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Inside Camp Pendleton: Noisy Training

For the Marines, the noise is a necessary evil to stay proficient

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    NEWSLETTERS

    Alicia Dean

    Neighbors of Camp Pendleton near Oceanside, Calif. often ask why some of the base's training exercises are so noisy.

    According to base officials, one answer is that when on-the-job training includes learning how to fire precision artillery strikes, things are going to get ear-piercingly loud.

    “This round right here normally weighs about 90 pounds average,” said Sgt. Davidson, a section chief with Bravo Battery, 1st Battalion, 11th Marine Regiment (1/11), as he explained what happens when a round from a 155 Howitzer is fired. Howitzers can best be described as a modern-day cannon that provides long range heavy firepower for infantry units in combat.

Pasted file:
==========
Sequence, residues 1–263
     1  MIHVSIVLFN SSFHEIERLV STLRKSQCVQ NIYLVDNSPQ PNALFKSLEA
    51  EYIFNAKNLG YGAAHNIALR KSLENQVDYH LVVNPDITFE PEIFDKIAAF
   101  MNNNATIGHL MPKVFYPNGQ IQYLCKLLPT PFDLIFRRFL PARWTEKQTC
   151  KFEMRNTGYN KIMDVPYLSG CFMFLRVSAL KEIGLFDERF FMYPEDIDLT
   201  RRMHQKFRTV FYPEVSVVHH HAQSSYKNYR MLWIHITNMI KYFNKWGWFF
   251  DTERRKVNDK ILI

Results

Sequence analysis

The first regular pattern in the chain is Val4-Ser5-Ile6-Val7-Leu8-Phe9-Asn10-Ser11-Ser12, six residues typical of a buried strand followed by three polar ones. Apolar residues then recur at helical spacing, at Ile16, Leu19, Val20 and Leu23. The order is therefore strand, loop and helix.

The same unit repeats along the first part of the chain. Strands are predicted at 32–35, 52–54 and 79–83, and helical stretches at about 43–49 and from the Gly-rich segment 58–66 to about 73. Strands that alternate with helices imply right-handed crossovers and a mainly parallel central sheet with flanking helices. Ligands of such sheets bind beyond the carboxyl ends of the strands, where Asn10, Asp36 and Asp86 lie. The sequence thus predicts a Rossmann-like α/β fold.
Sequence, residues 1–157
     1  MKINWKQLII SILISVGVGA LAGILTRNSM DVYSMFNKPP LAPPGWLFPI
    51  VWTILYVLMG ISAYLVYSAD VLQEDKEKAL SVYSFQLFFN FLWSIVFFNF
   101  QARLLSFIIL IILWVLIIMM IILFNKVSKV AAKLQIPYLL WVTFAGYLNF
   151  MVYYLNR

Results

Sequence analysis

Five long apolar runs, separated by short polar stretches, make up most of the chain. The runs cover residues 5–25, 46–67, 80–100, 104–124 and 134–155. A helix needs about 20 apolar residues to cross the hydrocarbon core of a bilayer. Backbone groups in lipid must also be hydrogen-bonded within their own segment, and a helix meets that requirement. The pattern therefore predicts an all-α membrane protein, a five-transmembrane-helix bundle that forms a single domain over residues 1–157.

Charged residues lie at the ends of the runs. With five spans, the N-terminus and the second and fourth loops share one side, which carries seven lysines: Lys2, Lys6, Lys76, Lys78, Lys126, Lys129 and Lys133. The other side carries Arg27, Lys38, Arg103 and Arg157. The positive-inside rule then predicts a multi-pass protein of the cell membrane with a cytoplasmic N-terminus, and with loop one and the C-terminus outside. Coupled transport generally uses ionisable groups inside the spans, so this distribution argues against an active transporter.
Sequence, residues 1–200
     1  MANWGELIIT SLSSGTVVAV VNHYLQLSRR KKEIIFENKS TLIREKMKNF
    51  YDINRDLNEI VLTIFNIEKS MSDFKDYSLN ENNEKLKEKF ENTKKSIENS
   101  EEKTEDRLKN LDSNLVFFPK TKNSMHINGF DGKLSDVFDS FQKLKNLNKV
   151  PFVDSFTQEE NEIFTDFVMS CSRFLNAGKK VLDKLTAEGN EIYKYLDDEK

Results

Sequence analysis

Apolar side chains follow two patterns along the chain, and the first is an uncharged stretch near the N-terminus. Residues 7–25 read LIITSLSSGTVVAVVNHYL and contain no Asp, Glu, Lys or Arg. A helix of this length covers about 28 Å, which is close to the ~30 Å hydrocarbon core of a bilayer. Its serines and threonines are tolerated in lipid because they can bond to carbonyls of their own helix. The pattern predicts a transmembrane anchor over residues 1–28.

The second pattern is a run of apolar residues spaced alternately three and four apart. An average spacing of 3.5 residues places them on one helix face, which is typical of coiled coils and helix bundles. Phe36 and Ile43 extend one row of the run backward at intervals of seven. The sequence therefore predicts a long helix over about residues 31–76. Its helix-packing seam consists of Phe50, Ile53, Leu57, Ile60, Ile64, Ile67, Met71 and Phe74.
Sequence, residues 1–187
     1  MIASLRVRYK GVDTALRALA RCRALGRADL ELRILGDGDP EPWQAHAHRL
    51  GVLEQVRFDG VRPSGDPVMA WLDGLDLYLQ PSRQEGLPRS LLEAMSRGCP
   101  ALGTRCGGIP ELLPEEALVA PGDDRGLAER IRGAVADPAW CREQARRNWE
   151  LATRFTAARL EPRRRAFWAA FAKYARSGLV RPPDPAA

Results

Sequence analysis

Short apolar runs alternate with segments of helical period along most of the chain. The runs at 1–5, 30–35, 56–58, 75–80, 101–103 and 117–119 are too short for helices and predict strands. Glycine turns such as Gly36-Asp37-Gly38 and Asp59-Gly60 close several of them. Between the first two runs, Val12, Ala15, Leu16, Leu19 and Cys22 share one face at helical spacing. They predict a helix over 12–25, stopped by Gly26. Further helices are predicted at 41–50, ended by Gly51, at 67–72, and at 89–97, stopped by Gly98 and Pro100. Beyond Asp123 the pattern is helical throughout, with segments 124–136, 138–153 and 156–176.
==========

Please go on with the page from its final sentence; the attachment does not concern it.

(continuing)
It takes 8 to 12 people to fire just one round from the weapon.

    Accuracy is a matter of life and death. That’s why Marines say realistic training exercises are critical.

    “For example in Afghanistan, we were there for seven months, every day for 24 hours Marines were manning the Howitzers because they could receive a fire mission,” said Battalion Commander, LtCol Adolfo Garcia.

    "Many times those fire missions were within 600 meters of friendly troops," he said.

    He acknowledges the explosions are disruptive and can be heard and sometimes felt, in neighborhoods like San Marcos and beyond. On overcast days the impact can be heard up to 50 miles away.

    Marines participating in the exercises say the noise is a necessary evil to stay proficient.

    “We wouldn’t be able to do our jobs unless we get the actual live fire training,” said Staff Sgt Leroy Clemons standing in a makeshift command center set up to order strikes on fake targets.

    Camp Pendleton posts noise advisories to let the public know when and where particularly loud training exercises will happen.